Thursday, April 29, 2010

Whoever Receives The One I Send Receives Me. And Whoever Receives Me Receives THE ONE Who Sent Me.

Thursday of the Fourth Week of Easter
Reading I
Acts 13:13-25
From Paphos, Paul and his companions
set sail and arrived at Perga in Pamphylia.
But John left them and returned to Jerusalem.
They continued on from Perga
and reached Antioch in Pisidia.
On the sabbath they entered
into the synagogue and took their seats.
After the reading of the law and the prophets,
the synagogue officials sent word to them,
“My brothers, if one of you has a word
of exhortation for the people, please speak.”

So Paul got up, motioned with his hand, and said,
“Fellow children of Israel
and you others who are God-fearing, listen.
The God of this people Israel
chose our ancestors
and exalted the people
during their sojourn in the land of Egypt.
With uplifted arm he led them out,
and for about forty years
he put up with them in the desert.
When he had destroyed seven nations
in the land of Canaan,
he gave them their land as an inheritance
at the end of about four hundred and fifty years.
After these things he provided judges
up to Samuel the prophet.
Then they asked for a king.
God gave them Saul, son of Kish,
a man from the tribe of Benjamin,
for forty years.
Then he removed him
and raised up David as their king;
of him he testified,
I have found David, son of Jesse,
a man after my own heart;
he will carry out my every wish.
From this man’s descendants God,
according to his promise,
has brought to Israel a savior, Jesus.
John heralded his coming
by proclaiming a baptism of repentance
to all the people of Israel;
and as John was completing his course,
he would say,
‘What do you suppose that I am?
I am not he.
Behold, one is coming after me;
I am not worthy
to unfasten the sandals of his feet.’”
Paul and Barnabas continue their first missionary journey. From Paphos on the north coast of Cyprus they set off for Perga, the capital of the province of Pamphylia. Pamphylia was a coastal province in Asia Minor, between provinces of Lydia and Cilicia on the south coast of modern Turkey. It was 8 km (5 miles) inland and 20 km (12 miles) east of the important seaport of Attalia.

At this point, John Mark, who had originally been one of the party, returned to Jerusalem, from where they had originally brought him. Later, this will lead to a dispute between Saul and Barnabas. John Mark was a cousin of Barnabas.

Why did John turn back? Various suggestions have been made, none of them certain:
     » homesickness to get back to Jerusalem
     » an illness of Paul which forced Paul to change his plans and go to Galatia
     » a change in leadership from Barnabas to Paul
     » or simply an inability to get along with Paul.

Later, Paul will express his dissatisfaction with John’s behaviour.

Paul and Barnabas (from now on Paul’s name is put first) do not seem to have stopped long in Perga but continued on to Antioch in the province of Pisidia (not to be confused with the Antioch in Syria where they had begun their missionary journey).

Pisidia was a district about 200 km (120 miles) long and 80 km (50 miles) wide, north of Pamphylia. Bandits were known to frequent the region. Antioch, its capital, had been named after Antiochus, king of Syria, following the death of Alexander the Great. It was about 185 km (110 miles) from Perga and was at crossroads of busy trading routes. The city had a large Jewish population. It was a Roman colony, which meant that a contingent of retired military men also settled there. They were given free land and made citizens of the city of Rome, with all the accompanying privileges.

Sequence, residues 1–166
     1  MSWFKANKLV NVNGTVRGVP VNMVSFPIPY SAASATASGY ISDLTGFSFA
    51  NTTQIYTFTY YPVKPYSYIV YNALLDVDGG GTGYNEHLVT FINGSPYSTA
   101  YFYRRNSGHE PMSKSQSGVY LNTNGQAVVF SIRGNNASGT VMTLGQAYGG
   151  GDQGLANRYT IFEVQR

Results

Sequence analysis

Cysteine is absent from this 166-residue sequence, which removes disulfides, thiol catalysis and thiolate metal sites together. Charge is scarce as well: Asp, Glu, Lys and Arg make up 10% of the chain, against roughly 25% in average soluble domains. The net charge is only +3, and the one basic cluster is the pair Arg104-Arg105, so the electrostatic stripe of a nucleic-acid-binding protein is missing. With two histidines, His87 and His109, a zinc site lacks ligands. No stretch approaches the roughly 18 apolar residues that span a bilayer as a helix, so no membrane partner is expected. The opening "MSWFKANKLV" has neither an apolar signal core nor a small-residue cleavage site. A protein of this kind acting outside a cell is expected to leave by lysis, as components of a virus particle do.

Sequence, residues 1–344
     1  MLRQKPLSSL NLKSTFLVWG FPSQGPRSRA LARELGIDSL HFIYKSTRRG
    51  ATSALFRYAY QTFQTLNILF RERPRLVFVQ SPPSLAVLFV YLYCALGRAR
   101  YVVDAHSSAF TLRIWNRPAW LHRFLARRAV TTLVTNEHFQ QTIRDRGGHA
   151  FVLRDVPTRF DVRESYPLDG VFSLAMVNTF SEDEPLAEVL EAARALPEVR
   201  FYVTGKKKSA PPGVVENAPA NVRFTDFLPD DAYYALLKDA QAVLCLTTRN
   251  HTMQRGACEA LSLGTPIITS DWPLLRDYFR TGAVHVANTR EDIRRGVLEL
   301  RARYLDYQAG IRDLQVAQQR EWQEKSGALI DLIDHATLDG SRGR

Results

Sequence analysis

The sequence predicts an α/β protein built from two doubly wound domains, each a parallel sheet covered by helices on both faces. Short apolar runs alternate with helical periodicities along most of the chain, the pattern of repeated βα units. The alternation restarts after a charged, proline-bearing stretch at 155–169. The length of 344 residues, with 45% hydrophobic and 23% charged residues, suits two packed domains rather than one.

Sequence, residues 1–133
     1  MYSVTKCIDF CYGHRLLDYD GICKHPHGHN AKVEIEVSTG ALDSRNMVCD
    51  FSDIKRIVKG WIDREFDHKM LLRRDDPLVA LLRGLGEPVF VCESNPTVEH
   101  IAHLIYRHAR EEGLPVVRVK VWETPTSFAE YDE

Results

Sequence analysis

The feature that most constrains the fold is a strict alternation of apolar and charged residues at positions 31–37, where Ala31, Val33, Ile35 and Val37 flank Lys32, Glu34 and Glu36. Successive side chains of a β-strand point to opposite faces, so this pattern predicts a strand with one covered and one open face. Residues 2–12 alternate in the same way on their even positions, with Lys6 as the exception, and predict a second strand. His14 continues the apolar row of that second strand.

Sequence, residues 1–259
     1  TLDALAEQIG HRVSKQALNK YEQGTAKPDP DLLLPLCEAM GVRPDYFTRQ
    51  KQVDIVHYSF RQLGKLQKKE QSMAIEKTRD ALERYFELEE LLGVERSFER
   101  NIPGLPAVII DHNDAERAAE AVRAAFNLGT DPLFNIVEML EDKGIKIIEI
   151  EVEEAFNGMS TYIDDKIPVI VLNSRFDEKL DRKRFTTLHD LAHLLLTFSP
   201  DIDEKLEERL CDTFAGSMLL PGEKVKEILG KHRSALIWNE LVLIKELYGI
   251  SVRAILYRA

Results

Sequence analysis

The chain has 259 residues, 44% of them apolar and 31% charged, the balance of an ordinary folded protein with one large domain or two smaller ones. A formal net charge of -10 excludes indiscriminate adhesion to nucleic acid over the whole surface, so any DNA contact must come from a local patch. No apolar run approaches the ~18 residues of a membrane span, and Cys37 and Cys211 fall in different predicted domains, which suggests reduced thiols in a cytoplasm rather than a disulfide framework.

As usual, on arriving in Antioch, the two missionaries went to the local synagogue on the sabbath. We saw yesterday Paul’s reasons for doing this. At the same time, he was not neglecting his mission to the Gentiles because Gentiles who believed in the God of the Jews were often among his audience. It was obvious, too, that the synagogue provided a readymade starting point with a building, regular meetings and people who were familiar with the Scriptures.

After the reading of the scriptures, as was the custom, they were invited by the synagogue officials to speak to the assembly. (We remember how Jesus, too, was invited to preach in the synagogue.) It was the responsibility of these officials to call on readers and preachers, to arrange the service and maintain order. As a rabbi and leading Pharisee, it was natural, too, to invite Paul to give a homily. This gave Paul the opportunity to give an outline of Jewish salvation history and to show that Jesus was the expected and promised saviour of Israel.

As he goes through the great events of the Old Testament, Paul shows how it was all part of God’s plans for his people. This discourse is typical of Paul’s preaching to a Jewish assembly. It falls into two parts, of which we have the first part in today’s reading (ending with v.25). It gives a summary of the history of salvation with an appendix recalling John the Baptist’s testimony.

Today’s reading ends half way through Paul’s speech with John the Baptist pointing to the “one who comes after me”, the thongs of whose sandals he was not worthy to loose. We will have the rest of the discourse in tomorrow’s reading.

It might be very profitable for each one us to look back over our own lives and see how God’s providence has been at work at various key points. Some of these experiences will bring back happy memories; others may be more painful. Nevertheless, God was present there and leading us on to something higher. How did we respond? And now that we are where we are now, where is God leading us at this stage of our life?
+++    +++    +++    +++
Psalm 89
For ever I will sing the goodness of the Lord.
The favors of the LORD I will sing forever;
through all generations
my mouth shall proclaim your faithfulness.
For you have said,
“My kindness is established forever”;
in heaven you have confirmed your faithfulness.
For ever I will sing the goodness of the Lord.
“I have found David, my servant;
with my holy oil I have anointed him,
That my hand may be always with him,
and that my arm may make him strong.”
For ever I will sing the goodness of the Lord.